When it reached the Supreme Court, ProEnglish filed an amicus curiae (“friend-of-the-court”) brief, rejecting the claim that language is synonymous with national origin and pointing out that the Sandoval decision contradicted thirty years of court decisions. Fourteen members of Congress signed on to ProEnglish’s brief. In 2001 the Supreme Court ruled for Alabama and vacated the lower court decisions, in effect erasing them from the legal record. But because the court decided the case over the issue of whether or not an individual had the right to sue a state under Title VI (private right of action), the Justice Department and multicultural advocates are claiming that the Sandoval decision is still valid, even though the Supreme Court said it was illegal for it to be filed in the first place. This case illustrates the basic lawlessness of government bureaucracies as well as Congress’ failure to exercise its proper oversight responsibilities. Nevertheless, the Sandoval decision was a landmark victory for ProEnglish and other official English advocates who are trying to block the federal government’s undemocratic policy forcing multilingualism on the American people.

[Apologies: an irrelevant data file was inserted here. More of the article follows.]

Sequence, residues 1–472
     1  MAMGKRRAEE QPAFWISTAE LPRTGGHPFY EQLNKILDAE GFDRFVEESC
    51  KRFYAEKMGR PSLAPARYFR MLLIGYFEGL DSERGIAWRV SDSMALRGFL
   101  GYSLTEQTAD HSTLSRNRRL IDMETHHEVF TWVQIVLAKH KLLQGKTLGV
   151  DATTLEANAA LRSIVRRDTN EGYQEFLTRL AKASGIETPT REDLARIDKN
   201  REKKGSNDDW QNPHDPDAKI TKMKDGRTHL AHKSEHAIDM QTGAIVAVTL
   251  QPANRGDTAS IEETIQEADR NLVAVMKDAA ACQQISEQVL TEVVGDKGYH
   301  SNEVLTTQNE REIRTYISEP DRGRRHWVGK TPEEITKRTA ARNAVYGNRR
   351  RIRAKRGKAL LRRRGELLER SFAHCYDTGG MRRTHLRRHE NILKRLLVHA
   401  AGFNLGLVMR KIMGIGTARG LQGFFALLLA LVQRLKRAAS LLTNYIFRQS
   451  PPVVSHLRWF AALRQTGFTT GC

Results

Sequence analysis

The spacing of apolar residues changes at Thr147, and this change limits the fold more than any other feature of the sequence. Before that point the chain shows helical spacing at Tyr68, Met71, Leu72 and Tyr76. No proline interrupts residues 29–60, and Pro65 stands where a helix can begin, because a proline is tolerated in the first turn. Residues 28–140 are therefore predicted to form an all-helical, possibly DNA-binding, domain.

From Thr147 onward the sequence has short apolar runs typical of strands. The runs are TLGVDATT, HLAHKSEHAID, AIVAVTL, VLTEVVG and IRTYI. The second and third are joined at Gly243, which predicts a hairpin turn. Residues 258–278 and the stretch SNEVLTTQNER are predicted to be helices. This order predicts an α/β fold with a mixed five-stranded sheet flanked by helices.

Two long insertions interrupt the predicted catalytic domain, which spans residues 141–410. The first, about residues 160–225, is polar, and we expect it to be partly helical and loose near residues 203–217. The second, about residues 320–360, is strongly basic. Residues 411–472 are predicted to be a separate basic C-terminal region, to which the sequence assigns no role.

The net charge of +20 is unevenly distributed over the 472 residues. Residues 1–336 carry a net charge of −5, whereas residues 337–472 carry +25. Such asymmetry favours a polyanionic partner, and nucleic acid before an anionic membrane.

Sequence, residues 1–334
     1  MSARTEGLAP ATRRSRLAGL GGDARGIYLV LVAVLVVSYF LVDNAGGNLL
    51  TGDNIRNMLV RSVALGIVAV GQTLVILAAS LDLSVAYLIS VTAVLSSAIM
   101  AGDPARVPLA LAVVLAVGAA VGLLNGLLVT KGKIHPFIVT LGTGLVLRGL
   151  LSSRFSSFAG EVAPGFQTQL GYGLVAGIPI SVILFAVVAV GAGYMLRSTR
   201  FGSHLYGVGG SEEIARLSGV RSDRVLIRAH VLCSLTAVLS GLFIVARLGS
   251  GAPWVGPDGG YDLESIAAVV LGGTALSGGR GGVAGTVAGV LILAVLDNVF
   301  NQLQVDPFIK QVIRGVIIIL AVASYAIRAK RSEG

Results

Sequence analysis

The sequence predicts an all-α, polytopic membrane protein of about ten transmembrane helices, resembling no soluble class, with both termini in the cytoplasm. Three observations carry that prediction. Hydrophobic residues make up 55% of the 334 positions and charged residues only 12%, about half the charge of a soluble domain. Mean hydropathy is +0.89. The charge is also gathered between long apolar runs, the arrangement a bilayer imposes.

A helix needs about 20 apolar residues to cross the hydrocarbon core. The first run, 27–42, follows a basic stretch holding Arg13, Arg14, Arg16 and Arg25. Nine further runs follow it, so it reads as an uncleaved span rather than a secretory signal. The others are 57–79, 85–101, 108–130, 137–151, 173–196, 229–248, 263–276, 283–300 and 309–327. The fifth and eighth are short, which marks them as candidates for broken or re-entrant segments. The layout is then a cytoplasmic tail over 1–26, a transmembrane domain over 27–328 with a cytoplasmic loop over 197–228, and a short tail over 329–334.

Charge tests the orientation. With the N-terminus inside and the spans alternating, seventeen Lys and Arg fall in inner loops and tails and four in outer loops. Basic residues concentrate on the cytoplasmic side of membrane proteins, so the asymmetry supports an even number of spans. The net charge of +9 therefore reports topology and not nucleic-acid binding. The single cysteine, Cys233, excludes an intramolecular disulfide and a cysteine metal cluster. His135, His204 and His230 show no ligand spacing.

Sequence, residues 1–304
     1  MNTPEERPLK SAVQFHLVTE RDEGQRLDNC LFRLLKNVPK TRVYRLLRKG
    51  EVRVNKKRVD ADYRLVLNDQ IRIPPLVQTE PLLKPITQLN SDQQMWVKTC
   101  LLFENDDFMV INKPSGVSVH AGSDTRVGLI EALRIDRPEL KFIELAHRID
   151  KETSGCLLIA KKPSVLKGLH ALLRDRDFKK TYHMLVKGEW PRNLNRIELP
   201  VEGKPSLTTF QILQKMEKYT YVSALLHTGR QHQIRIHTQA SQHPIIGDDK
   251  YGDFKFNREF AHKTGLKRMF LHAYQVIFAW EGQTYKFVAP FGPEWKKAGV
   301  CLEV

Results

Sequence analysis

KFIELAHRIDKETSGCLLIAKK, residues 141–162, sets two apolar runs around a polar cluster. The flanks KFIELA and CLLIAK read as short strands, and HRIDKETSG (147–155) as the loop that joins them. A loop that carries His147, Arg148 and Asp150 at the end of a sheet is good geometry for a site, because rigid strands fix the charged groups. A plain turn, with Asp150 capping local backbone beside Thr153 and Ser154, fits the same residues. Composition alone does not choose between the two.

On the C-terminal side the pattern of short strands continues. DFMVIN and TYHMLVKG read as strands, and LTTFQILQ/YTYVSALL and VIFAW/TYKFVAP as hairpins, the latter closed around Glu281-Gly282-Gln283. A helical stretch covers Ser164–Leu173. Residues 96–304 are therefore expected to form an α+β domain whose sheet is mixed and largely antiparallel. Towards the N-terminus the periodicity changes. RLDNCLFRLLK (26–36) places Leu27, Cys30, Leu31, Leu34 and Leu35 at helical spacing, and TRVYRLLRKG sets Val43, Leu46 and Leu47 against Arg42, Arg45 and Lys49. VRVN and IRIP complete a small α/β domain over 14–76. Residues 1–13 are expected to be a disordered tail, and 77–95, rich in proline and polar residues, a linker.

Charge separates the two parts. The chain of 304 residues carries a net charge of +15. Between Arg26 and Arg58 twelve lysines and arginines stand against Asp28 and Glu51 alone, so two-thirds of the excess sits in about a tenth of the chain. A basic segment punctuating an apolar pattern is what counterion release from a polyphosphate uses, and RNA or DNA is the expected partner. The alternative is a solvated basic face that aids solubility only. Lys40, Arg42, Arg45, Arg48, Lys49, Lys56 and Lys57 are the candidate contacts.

Arizonans for Official English v. Arizona (1997)
U.S. Supreme Court: official English laws are valid
In 1988, a state employee challenged Arizona’s newly enacted Official English initiative, Proposition 106, claiming that she had a First Amendment right to speak any language on the job. A federal judge agreed and overturned it. When the State of Arizona refused to appeal ProEnglish Chairman Bob Park intervened to defend the constitutionality of the official English initiative. After a long series of appeals over the trial judge’s ruling that the initiative violated the First Amendment, Park and Arizonans for Official English prevailed at the U.S. Supreme Court, upholding the right of states to have official English laws.